Are You Making Your Web Site the Hub of Your Content Marketing Activities?

I’ve said it often and will continue to say it to groups I have the opportunity to engage with around marketing communications issues: “If you don’t have a web site you virtually (pun intended) don’t exist.” Think about it. These days, when you have a question about something or are looking for a certain type of product or service where do you turn? Your answer is likely: “Online to conduct a search.”

That’s common consumer behavior these days and while it could be — and has been — argued that a social media presence, like a Facebook business page, for instance, could potentially replace a traditional web site, that can be risky business. Why? Because you don’t own Facebook and their rules could–and do!–change frequently. It’s not a good idea to put all of your eggs in somebody else’s basket.

So, you need a web site. And that web site should serve as the hub of all of your marketing communication (or “content marketing”) efforts. It’s the place you want to drive traffic to generate some sort of quantifiable–and meaningful–action that will ultimately lead to sales or other positive results for your organization.

Here are some tips to make that happen:
  • Think carefully about the language that your audience might use in their online searches and incorporate that language into your web content. Yes, this involves SEO, but it goes somewhat beyond that and often requires some creative approaches and a strategic mindset. It also requires that you accept their terminology rather than trying to shove yours down their throats.
  • Consider the impact of competitors. No business or service provider exists in a vacuum. Those seaching the products or services you have to offer are casting a wide net. It’s important to know how the competition is positioned, how the competition shows up in search and how to effectively position your products or services so that you will be more favorably perceived than the competition is.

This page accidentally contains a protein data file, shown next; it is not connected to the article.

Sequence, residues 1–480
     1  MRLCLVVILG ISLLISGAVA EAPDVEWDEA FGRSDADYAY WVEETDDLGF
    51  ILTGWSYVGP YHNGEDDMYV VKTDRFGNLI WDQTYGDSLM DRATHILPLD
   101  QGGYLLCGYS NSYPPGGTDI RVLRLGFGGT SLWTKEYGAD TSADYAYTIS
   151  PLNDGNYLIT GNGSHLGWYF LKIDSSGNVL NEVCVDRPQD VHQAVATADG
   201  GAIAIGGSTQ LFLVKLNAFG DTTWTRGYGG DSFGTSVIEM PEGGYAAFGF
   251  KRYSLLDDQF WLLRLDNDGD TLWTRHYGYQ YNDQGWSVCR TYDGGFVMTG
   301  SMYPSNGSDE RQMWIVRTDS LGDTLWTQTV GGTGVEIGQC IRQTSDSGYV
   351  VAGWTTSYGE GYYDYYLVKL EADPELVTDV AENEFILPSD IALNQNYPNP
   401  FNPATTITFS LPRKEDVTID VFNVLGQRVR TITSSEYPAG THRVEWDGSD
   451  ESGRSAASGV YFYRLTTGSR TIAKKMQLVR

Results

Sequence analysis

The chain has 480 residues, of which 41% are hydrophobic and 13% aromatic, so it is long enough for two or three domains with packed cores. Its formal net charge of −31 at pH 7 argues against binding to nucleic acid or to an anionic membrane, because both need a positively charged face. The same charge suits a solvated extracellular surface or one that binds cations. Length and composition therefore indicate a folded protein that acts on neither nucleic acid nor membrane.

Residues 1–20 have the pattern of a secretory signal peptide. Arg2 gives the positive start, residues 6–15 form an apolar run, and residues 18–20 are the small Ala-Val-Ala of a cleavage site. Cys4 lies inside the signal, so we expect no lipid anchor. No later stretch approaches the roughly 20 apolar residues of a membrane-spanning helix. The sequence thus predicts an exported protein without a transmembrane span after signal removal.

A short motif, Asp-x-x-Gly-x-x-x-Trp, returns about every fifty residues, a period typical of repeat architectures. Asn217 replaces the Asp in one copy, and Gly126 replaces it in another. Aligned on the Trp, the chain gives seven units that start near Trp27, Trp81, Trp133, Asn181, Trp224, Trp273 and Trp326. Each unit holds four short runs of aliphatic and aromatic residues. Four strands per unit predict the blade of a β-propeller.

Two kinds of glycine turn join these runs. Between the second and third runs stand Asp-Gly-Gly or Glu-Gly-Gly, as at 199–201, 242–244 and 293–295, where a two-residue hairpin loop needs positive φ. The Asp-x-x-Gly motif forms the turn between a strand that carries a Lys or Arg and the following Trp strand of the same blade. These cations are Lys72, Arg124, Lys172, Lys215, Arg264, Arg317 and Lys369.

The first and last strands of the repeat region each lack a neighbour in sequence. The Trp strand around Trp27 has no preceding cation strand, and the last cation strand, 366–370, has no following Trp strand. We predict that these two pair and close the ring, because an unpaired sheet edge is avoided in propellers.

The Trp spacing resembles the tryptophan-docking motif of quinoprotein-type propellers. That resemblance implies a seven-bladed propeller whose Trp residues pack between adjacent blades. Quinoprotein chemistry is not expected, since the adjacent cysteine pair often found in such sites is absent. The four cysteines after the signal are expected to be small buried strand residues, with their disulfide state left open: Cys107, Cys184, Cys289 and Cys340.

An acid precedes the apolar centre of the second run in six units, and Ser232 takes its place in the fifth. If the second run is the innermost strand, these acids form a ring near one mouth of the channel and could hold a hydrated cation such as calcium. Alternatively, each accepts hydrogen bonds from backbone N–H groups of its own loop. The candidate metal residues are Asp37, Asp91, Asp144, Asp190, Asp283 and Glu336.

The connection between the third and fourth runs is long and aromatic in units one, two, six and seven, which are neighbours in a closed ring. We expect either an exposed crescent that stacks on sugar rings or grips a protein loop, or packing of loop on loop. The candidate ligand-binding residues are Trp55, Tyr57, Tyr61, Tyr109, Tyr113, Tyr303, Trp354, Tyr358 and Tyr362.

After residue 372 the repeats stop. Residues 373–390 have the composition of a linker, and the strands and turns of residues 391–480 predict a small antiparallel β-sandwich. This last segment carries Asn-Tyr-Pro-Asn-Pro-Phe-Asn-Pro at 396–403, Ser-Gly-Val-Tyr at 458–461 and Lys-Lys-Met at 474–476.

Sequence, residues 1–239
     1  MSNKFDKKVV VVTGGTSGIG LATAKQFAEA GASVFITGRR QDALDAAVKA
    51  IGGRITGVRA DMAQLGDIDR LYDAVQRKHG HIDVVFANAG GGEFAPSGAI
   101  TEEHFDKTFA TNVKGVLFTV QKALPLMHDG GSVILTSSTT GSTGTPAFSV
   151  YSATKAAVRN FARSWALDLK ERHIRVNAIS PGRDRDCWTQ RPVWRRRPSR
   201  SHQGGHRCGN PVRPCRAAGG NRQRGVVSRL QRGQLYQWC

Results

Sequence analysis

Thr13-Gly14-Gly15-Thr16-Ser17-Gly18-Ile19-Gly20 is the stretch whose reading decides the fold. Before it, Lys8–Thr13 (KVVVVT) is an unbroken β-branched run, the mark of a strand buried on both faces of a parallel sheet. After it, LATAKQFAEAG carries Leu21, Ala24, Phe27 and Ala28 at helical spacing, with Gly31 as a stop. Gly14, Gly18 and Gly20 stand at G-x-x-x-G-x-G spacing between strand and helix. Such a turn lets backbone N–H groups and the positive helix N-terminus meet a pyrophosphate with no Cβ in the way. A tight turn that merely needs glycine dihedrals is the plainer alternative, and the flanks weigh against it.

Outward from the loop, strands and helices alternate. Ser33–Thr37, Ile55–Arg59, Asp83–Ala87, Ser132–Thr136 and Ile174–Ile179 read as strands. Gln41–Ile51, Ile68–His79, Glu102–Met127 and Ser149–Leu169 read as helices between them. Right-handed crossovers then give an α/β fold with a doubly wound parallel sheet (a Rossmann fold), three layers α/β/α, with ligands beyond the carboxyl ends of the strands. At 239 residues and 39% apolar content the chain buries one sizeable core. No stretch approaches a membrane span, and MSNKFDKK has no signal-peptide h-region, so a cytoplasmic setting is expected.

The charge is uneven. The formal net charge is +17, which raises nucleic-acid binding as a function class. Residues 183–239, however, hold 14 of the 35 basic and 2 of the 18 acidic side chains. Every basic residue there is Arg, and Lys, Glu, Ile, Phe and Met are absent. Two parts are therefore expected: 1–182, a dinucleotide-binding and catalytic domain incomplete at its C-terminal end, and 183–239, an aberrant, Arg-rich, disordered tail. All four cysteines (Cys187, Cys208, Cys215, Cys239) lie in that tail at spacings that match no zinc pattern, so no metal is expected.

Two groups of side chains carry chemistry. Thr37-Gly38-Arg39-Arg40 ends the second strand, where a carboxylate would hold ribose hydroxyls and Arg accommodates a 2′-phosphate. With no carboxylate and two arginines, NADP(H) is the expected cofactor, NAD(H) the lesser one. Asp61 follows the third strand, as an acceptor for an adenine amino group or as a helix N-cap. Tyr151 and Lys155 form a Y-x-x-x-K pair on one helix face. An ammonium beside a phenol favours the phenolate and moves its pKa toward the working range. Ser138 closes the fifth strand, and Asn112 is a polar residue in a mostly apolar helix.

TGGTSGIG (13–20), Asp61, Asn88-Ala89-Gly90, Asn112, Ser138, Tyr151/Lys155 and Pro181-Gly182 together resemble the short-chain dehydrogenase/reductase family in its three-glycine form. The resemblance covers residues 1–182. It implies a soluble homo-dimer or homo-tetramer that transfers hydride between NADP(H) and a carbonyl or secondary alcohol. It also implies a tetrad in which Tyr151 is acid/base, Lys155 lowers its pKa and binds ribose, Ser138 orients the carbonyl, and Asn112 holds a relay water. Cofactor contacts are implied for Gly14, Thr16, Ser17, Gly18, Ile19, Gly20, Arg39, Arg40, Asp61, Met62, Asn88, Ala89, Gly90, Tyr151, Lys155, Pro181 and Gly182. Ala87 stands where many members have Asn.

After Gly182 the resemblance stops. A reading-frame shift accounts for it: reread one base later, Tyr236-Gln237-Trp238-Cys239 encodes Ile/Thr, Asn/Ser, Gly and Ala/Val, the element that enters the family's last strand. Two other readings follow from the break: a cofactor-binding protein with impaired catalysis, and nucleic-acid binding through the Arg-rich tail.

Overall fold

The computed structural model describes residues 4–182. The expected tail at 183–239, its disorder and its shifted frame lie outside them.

• Recognize that your web site is a reflection of your brand, either favorably or unfavorably. In some cases your web site may be all a prospective customer sees of you and they will make a decision about whether to connect with you because of what they see. Again, they will be comparing your brand against your competitors.
  • Keep it simple. A web site does not have to be exceedingly complex, large or big on bells and whistles. It must be clean, attractive and easy to navigate. Develop it with the customer in mind. Think about usability. Do usability studies with representatives of your target audience to ensure that you haven’t overlooked something. These studies can be very revealing.
  • Create a plan to leverage and use content across multiple platforms to drive traffic to your web site. This might include social media posts to Twitter, Facebook, LinkedIn, etc.; white papers; blog posts; e-books; videos, etc., etc., etc. The key is to do this smartly–repurposing what you can and creating new when needed.

We have a number of additional blog posts that offer more actionable insights.

Resolve to do it right in 2015. Happy New Year!

Recommended Reading:

The Everything Guide to Customer Engagement

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